In the first scenario, and the most common, the CPU utilization on a box under load with no application problems is stuck at 100%. In this situation, the CPU has too much work to do. There is adequate memory, and thus hard drive usage is not the problem. The only way to address this problem is to buy a bigger CPU or add a second one either to the same server or an additional server. With high CPU utilization situations, there will almost never be problems with memory, network speed, or disk space because the CPU has to wait on these devices and during these wait times cannot perform work. Thus, the CPU would not stay at 100%.

In the second scenario, the server is starved for RAM. In that case, the CPU will not be stuck at 100%, but it is likely the hard drive will be in constant use. This happens because Windows will use hard drive space like memory and swap memory sections in and out of RAM from one CPU request to another. When this happens, the box will perform slowly, but the CPU will not be the cause of the slowdown. The solution is to add more RAM if possible or add more servers.

In the third scenario, usually a problem found on file and print and SQL Servers is using all the I/O of a disk subsystem. The only way to tell this is happening is to monitor disk queue length with Performance Monitor. Disk queuing counters are not turned on by default, so consult the Windows Server help to determine how to do this for a particular server and disk subsystem. The only way to solve this problem is to increase I/O with a better system on a single server or multiple servers.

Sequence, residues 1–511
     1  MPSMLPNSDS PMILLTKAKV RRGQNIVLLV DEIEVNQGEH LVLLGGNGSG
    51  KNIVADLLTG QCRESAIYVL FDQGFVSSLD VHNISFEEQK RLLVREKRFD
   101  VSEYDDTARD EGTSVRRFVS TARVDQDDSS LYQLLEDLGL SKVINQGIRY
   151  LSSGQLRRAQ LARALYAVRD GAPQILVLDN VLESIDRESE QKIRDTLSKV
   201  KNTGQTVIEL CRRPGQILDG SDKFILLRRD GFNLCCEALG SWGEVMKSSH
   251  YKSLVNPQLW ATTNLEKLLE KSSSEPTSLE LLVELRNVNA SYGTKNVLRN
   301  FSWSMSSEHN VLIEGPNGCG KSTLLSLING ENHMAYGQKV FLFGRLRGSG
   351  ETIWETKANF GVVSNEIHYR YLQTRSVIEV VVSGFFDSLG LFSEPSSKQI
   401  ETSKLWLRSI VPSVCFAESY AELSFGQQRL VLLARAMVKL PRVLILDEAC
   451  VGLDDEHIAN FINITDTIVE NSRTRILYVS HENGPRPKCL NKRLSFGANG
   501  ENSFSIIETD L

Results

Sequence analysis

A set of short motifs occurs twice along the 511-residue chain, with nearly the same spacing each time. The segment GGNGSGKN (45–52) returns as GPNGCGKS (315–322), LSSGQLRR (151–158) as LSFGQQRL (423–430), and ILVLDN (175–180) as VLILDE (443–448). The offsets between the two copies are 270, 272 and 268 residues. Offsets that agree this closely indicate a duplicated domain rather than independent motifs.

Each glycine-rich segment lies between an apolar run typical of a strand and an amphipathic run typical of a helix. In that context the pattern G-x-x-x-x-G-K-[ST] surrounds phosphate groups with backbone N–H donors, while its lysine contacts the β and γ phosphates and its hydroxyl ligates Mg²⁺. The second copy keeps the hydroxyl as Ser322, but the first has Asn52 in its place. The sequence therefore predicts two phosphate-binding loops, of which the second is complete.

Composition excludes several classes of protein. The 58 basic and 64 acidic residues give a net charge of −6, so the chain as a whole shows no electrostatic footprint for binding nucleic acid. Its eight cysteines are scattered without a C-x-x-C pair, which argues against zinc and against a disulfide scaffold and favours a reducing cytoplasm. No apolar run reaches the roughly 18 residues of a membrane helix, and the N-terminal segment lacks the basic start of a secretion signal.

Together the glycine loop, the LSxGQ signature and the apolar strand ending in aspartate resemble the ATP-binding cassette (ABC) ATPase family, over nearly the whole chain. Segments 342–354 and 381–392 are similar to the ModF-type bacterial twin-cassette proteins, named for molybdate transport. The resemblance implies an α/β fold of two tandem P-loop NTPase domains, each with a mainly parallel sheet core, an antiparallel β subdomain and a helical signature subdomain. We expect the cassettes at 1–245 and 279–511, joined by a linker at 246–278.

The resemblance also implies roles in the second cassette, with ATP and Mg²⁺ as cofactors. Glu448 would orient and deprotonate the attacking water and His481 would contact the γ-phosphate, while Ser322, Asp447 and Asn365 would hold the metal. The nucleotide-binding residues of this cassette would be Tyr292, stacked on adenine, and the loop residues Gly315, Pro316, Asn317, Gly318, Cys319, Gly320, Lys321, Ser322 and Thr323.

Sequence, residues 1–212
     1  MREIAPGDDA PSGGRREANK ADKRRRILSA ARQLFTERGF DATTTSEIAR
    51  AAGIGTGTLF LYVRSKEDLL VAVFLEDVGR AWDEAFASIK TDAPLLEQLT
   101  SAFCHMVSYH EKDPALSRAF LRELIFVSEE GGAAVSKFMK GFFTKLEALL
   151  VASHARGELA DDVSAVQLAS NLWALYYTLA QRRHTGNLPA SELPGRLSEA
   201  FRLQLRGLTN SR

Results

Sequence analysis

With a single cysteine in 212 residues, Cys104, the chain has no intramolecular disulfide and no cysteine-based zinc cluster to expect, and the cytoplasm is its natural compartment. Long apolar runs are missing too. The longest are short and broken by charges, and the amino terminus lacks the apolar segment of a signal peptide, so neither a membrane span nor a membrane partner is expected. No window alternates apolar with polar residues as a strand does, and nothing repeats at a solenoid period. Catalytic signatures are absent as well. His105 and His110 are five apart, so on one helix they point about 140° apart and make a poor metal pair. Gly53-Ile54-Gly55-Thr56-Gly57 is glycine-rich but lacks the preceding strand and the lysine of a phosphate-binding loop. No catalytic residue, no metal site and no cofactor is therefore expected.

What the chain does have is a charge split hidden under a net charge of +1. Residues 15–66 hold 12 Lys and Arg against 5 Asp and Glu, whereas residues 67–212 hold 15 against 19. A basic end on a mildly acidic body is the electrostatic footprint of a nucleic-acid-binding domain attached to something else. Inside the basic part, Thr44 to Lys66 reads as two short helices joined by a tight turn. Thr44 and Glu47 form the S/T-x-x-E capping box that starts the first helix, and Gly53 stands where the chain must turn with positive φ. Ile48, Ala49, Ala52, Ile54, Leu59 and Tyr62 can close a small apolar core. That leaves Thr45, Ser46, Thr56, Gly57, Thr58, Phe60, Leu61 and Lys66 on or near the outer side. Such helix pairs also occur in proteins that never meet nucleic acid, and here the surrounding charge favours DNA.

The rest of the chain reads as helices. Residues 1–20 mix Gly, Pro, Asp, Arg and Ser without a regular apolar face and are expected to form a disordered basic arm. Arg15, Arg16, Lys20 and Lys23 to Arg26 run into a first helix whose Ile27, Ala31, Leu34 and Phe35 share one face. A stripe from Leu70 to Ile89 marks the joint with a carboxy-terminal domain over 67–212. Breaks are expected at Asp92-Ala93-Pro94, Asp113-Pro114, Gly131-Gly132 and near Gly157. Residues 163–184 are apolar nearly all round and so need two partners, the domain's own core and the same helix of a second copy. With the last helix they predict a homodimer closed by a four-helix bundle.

In the final scenario, usually only with wide area network links, inadequate network bandwidth can slow the performance of a server down considerably. This scenario is really separate from scaling up a server, as it is likely the real problem is with the physical pipe to an external or internal system. The only way to address problems like this is to increase the capacity of the network link.

Becoming a Web Farm

Transitioning from a single server Web site to a Web farm is not an easy task. Applications must be able to distribute functionality across multiple machines and layers. Networks must be able to handle increased traffic and physical connection points. Administrators must learn how to manage multiple servers and the software systems that allow scalability. Businesses must be willing to invest in faster and better hardware. Luckily, the .NET platform provides robust solutions for dealing with the complexity of scaling a Web site.

Scaling is accomplished by increasing the resources in a specific area that is experiencing stress. The majority of scaling technologies rely on creating a layer of abstraction between the source of the stress and the stress point. Usually this layer of abstraction begins in the network layer as these technologies circumvent TCP/IP addressing in one form or another. This type of technology is commonly referred to as "load-balancing."

Loading balancing works by abstracting the uniqueness of a network address (either a MAC address, an IP address, or a NetBIOS Name) to a software or hardware service. This service answers requests on that network address and then directs the traffic to multiple servers. This "balancing" effectively increases the number of physical machines that answer to a network name. When a collection of servers is balanced, these servers are referred to as a cluster. Figure 3.2 shows a Web farm with different types of clusters.

Figure 3.2Figure 3.2 A simple load-balancing diagram with different clusters.

A cluster is a group of servers that act as one entity through software- or hardware-based balancing systems.

The original definition of a Web farm encompassed only the servers that provided HTTP services. The .NET Web farm has evolved into a collection of different cluster types. Just as a real farm has chickens, pigs, horses, and cattle, a .NET Web farm has Web clusters, COM+ clusters, SQL Server clusters, and other clusters.